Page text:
The outfield is an interesting situation. As I pointed out in an earlier post what to do here is perplexing. They have five players (including Kubel) and four spots (including DH). Gomez and Young are potential future stars. They could be the heirs to Mauer and Morneau as core players that define the franchise. You don't give up those kinds of players for bullpen help. Span is the Twins leadoff hitter. Its difficult to see how the Twins improve by trading him unless they can get a leadoff hitter in return who can play shortstop or third base. Someone pointed out Kubel's numbers are very similar to Ortiz at the same age. Again, for the right player you could deal him. But you would want some long range value, not a fill-in for next year. That leaves Cuddyer. He wasn't really needed last year for the Twins to be competitive. Whether he would actually provide enough value to attract a shortstop, third baseman or staff ace in trade is doubtful. Trading him for bullpen help seems like a waste.
So there you have it. Four potential needs and almost nothing of real value to give up to fill them. With the exception of the outfield, the Twins just don't have players to trade without opening up another hole. The Twins are one of the youngest teams in baseball and their improvment is mostly going to have to come from those players maturing.
So the left side of the infield is really where improvement can be expected. Punto is a free agent, but the Twins are expected to try to resign him. Buscher and Harris were the other two infielders who played most of the year. You can add Tolbert to that mix.
The minor leagues do not have a lot of players who appear ready. Trevor Plouffe is a shortstop and was a first round pick in the draft. But he is young and appears at least a year away. The Twins also have re-signed Alexander Machado, a guy they took in the Rule 5 draft a couple years ago who has been injured the last couple years. He hit well at AAA last year, but he has only played second base since his arm injury. If Punto isn't re-signed, Machado may get a shot at the utility player role, but he is more likely AAA roster filler along with Matt Macri.
There are two different needs here. Punto, if re-signed, is a good defensive shortstop and he had enough bat this last year to hold down the position. Compared to Punto, Harris is bit of a defensive liability at shortstop. He can play the position, but you probably don't want him out there every day. He will need to hit better to hold down a spot anywhere. Buscher's problem is also his glove. If he played gold glove defense, his bat would be enough. But he does not come close. Tolbert is probably not an everyday shortstop and is most likely a utility player. They aren't likely to bring Everett back again, but if they can't sign Punto that may be a possibility.
The opportunities for improvement here are more offense from both shortstop and third base and better defense from third base. I think it is important to remember that whoever plays these two positions they are likely to be the 7th and 8th batters in the lineup. The Twins have Kubel, Young and Cuddyer who can bat in the 5th and 6th spots. Its hard to imagine them picking up a third baseman who is going to be an improvement, much less a shortstop.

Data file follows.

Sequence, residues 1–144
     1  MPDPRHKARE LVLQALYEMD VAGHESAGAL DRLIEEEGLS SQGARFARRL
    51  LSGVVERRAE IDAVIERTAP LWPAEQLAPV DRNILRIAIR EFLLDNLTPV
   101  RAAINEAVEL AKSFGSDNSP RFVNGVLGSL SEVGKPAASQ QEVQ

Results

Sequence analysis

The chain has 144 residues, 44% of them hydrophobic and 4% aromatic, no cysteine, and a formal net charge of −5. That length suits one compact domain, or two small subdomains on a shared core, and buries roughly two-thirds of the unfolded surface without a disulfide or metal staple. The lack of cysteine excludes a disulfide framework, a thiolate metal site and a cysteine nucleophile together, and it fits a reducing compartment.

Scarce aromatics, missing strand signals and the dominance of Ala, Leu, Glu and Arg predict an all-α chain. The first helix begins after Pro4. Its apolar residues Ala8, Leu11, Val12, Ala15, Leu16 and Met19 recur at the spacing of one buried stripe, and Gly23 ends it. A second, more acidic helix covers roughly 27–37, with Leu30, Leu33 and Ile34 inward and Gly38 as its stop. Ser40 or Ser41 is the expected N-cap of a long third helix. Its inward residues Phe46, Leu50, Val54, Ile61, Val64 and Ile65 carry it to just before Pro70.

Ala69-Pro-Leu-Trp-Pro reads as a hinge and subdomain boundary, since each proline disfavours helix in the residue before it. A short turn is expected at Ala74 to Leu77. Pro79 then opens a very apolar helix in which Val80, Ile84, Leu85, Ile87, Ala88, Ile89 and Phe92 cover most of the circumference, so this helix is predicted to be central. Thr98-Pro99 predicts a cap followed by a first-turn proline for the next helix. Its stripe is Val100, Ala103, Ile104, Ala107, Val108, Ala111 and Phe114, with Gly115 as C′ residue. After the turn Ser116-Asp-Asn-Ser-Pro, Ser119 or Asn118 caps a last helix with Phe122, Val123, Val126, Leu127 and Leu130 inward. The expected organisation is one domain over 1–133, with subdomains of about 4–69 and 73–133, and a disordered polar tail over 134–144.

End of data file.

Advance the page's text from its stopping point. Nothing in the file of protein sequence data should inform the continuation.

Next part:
Saturday, October 11, 2008
Jason Kubel is the least skilled of all the outfielders, which is why he is the Twins main DH. He isn't a bad outfielder, you could put him at one of the corners without any real concern. But the other outfielders all have above average defensive skills. His presence takes away the option of keeping the other four outfielders in the lineup by rotating them through the DH spot.
Offensively, Carlos Gomez brings the least immediate return of all the oufielders. His offensive potential, however, is almost unlimited. And he has a chance to take Tori Hunter's place as the franchise's best defensive center fielder ever. He isn't there yet, but the tools are. And it is that defense, combined with his offensive potential that keeps Gomez in the lineup.
The other candidate for center field, Denard Span, only gives up a little on defense to Gomez. Offensively he is a lot more polished. Most importantly, he has given the Twins a legitimate leadoff hitter for the first time in a long time. He can get on base and he can run. He even has gap power. Despite outstanding defensive skills, it is Span's offensive role that makes him indispensable.
Which brings us to Michael Cuddyer. It was Cuddyer's injury that gave Span a chance. The question is what to do with him if he is healthy next year. His arm makes him a plus defender in right field. But his range is nowhere near Span's and his return to that spot would mean a real downgrade on defense. He was signed after last season to provide some right-handed power in the middle of the lineup. And the Twins still need him in that role, but where does he play?
Delmon Young established himself as the Twins left fielder this year. And, with Cuddyer out, he gave the Twins a right handed bat in the middle of the order. He didn't hit for the power that people had expected, but that will likely come as he matures. He has above average range, he even played center field in Tampa, and his arm rivals Cuddyer's. His routes to balls still need some work but there appeared to be improvement there even as last year progressed. Like Gomez, Young's potential is almost unlimited.
So there are the choices the Twins are faced with. Do you sit a young player with unlimited potential, like Gomez or Young? Do you weaken your lineup by sitting Span, the only leadoff hitter on the team? Can you afford to lose Cuddyer's bat from the middle of the order? What about Kubel's?